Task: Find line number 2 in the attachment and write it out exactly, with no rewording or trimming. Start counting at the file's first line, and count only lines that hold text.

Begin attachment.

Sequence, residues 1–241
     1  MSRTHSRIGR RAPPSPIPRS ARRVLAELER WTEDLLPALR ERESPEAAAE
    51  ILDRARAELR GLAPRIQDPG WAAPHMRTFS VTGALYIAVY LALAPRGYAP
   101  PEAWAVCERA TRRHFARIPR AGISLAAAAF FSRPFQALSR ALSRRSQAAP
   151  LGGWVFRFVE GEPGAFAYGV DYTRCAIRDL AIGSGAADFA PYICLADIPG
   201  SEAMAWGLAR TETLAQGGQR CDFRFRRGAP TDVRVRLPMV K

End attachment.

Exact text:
     1  MSRTHSRIGR RAPPSPIPRS ARRVLAELER WTEDLLPALR ERESPEAAAE